Once production begins on the new KF-X stealth fighter, an additional 10 trillion won will be needed, putting the bill for the entire project at around 18.6 trillion won, or US$16 billion. Credit: Janes.

South Korea’s new KF-X (Korean Fighter eXperimental) multi-role stealth fighter has begun final assembly despite the ongoing Covid-19 pandemic, and will be rolled out in the first half of next year, as planned.

According to a report in Janes.com, South Korea’s Defense Acquisition Program Administration (DAPA) said in a statement that the company has begun joining the prototype aircraft’s fuselage sections and wings at its facility in Sacheon, South Gyeongsang Province.

Korea Aerospace Industries (KAI) had previously stated that the twin-engined aircraft, development of which began in 2015 for the Republic of Korea Air Force (RoKAF), would be unveiled to the public in April 2021.

The prototype is expected to conduct its first flight in 2022.

The KF-X, development of which is scheduled to be completed in 2026 followed by mass production in 2028, is expected to reach a top speed of about 1,400 mph (or about Mach 1.83), have a range of about 2,900 km, a maximum take-off weight of 25,580 kg, and be capable of carrying up to 7,700 kg of payload.

The aircraft, which is expected to be produced in both single- and tandem-seat variants, will feature three hardpoints under each wing for weapons and/or external fuel tanks and will also be capable of carrying four missiles under the fuselage, according to KAI.

South Korea’s new KF-X (Korean Fighter eXperimental) multi-role stealth fighter has begun final assembly. Credit: Korean Aerospace Industries.

At least 120 examples are expected to replace the Republic of Korea Air Force’s (ROKAF) fleet of ageing McDonnell Douglas F-4D/E Phantom IIs and Northrop F-5E/F Tiger IIs, Flight Global reported.

Indonesia appears likely obtain 48 examples of the IF-X variant, with an initial order of 16, and 32 to follow depending on finances.

According to Korea Joongang Daily, the design for the KF-X — the biggest homegrown weapons development project in Korean history — is the result of almost two decades of planning that cost the government approximately 8.6 trillion won (US$7 billion).

Once production begins on 120 units of the new jet, an additional 10 trillion won will be needed, putting the bill for the entire project at around 18.6 trillion won, or US$16 billion.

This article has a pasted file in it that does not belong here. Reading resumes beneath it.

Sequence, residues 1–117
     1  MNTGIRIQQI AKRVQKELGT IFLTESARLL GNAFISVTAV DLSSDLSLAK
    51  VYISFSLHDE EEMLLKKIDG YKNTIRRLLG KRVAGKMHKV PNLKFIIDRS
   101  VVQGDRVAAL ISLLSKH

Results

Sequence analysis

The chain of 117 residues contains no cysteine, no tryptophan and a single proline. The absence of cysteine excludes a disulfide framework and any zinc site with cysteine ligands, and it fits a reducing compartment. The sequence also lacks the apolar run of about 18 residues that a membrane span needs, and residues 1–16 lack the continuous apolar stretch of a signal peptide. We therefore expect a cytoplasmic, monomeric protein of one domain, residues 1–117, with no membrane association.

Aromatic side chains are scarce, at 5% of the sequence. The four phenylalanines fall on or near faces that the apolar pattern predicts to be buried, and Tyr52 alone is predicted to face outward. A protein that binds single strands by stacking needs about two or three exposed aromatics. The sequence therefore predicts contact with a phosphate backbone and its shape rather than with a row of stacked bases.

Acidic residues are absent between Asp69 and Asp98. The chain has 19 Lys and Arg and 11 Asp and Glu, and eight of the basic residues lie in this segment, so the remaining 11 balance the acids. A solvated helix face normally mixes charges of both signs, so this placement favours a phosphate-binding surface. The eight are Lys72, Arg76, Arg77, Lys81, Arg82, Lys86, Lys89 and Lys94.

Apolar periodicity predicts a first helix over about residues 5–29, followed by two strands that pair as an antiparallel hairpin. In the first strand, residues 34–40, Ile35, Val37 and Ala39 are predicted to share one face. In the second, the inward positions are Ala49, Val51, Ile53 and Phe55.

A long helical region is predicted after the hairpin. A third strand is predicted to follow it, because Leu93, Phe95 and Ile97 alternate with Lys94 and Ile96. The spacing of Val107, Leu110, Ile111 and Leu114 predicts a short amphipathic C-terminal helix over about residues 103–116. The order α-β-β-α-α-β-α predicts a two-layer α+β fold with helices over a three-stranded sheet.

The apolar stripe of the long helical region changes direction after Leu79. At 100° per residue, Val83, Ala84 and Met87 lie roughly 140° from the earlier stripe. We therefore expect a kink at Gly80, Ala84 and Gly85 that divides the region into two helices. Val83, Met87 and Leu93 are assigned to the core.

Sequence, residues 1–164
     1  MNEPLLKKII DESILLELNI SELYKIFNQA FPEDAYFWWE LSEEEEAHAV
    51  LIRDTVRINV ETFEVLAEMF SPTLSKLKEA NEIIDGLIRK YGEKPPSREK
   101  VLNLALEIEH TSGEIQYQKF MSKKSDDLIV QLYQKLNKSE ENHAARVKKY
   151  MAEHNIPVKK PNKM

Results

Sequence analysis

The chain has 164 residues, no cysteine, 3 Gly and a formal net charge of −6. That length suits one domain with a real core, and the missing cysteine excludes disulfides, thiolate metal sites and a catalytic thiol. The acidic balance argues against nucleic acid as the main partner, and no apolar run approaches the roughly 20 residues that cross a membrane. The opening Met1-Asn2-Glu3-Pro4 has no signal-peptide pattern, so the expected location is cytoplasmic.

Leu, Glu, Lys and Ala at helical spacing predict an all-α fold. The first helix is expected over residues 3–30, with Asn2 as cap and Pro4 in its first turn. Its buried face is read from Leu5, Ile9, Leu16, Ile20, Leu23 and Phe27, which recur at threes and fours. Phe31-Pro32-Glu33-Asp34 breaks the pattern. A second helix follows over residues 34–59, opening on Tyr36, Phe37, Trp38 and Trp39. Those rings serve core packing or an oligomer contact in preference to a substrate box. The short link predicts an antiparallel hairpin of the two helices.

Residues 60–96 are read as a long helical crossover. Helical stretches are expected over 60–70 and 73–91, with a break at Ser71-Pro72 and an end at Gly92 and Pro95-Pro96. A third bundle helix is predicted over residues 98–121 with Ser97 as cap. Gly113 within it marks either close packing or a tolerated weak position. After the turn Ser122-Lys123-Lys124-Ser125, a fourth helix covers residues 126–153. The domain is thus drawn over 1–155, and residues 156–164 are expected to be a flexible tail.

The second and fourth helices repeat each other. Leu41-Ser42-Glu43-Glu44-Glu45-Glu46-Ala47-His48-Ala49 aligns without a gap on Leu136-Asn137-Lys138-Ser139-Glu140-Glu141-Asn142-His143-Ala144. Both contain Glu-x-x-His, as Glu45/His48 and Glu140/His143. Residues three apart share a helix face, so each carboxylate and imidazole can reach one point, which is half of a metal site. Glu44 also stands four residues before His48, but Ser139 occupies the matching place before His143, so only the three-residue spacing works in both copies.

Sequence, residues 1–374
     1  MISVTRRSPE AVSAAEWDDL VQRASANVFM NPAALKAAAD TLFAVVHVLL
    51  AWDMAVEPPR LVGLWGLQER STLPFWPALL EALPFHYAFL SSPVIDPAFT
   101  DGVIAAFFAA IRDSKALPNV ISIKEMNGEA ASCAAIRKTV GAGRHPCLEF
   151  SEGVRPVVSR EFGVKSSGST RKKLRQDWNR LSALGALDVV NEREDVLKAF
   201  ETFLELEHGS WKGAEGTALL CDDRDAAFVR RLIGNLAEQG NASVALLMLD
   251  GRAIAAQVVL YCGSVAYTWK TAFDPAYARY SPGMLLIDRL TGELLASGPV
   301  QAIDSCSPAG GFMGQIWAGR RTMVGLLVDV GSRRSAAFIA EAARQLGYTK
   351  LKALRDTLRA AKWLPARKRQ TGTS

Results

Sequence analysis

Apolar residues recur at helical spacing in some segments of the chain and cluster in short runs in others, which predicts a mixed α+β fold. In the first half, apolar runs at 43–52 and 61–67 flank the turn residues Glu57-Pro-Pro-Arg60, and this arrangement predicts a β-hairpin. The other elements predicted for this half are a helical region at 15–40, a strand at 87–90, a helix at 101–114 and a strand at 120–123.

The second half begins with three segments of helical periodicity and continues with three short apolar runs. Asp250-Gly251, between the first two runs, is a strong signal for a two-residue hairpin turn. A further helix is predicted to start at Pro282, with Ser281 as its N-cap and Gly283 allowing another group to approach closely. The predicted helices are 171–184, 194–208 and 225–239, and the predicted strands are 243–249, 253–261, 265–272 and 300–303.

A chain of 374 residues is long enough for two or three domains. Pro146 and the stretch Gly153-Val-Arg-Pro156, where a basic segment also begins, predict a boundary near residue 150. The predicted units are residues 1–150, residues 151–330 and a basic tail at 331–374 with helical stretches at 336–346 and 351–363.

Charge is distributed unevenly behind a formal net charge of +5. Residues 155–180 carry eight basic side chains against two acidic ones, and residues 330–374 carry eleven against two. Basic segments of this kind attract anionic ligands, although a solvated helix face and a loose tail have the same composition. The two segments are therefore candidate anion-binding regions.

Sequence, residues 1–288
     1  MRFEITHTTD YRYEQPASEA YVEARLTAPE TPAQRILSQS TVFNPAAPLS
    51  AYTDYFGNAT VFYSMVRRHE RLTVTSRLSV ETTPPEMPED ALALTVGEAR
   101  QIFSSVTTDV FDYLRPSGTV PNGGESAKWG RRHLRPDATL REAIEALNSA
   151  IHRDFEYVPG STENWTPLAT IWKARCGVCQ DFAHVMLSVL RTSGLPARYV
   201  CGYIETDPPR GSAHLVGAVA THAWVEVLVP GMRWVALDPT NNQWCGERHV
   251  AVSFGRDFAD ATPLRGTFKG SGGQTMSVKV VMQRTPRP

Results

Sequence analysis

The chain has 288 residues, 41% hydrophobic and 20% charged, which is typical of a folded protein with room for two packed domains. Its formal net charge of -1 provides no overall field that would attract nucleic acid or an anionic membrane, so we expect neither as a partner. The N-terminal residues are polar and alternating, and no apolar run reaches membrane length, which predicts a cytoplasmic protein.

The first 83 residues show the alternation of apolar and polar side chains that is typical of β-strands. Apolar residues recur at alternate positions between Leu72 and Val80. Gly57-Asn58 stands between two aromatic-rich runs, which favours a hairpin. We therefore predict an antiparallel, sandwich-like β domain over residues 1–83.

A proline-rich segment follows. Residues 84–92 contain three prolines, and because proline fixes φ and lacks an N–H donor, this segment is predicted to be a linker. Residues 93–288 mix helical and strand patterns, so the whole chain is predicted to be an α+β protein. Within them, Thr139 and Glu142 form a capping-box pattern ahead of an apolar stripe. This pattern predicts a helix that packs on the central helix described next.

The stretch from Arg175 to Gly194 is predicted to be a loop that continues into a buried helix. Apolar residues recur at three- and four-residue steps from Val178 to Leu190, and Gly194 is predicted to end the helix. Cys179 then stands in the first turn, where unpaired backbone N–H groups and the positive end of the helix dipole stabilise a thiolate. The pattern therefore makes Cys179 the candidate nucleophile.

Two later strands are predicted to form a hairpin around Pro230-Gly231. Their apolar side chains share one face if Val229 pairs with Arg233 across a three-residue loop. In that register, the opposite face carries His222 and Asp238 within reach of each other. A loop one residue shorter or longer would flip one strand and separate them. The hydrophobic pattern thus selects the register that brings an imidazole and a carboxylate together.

If these figures are accurate, each KF-X could cost around US$130 million. That’s slightly more than a US-made F-35 stealth fighter costs in 2019. But there are reasons to doubt Korean industry can get the price of a KF-X down that low, National Interest reported.

The main reason is scale. The only reason that an F-35 costs only around US$100 million is that Lockheed Martin and its partners are building thousands of the single-engine planes for dozens of countries.

South Korea unveiled a locally developed AESA radar prototype for use by the country’s next-generation multirole fighter aircraft under the KF-X program. Credit: DAPA.

Last month, South Korea unveiled its newly developed indigenous active electronically scanned-array (AESA) radar prototype for use in the KF-X, Janes reported.

The radar, which has been under development since 2016 by South Korean company Hanwha Systems and the country’s Agency for Defense Development (ADD), was unveiled in a ceremony held on 7 August.

The radar will now undergo further ground performance and installation tests before being integrated with the first KF-X prototype for further testing, said South Korean officials, adding that Elta Systems — a subsidiary of Israel Aerospace Industries (IAI) — has collaborated on the program and is assisting with the testing phase.

Very few details have emerged about the AESA radar, which officials have described as a “state-of-the-art system capable of detecting and tracking more than 1,000 targets simultaneously.”

Judging by the color of the components, most of the structure seems to comprise composite materials. This would parallel the approach taken in other new-generation fighter designs, in which advanced composite construction helps with reducing radar signature, while also providing a light and strong airframe. 

As for armament, Europe’s MBDA Missile Systems announced it had been awarded a contract to integrate its ramjet-powered Meteor beyond-visual-range air-to-air missile (BVRAAM) with the KF-X, The Drive reported.

The Meteor BVRAAM will be complemented by the infrared-guided IRIS-T short-range air-to-air missile produced by Germany’s Diehl Defence.

In addition to those missiles, the aircraft will have also have a built-in 20mm M61 Vulcan cannon firing through a port on the top of the fuselage on the lefthand-side behind the cockpit.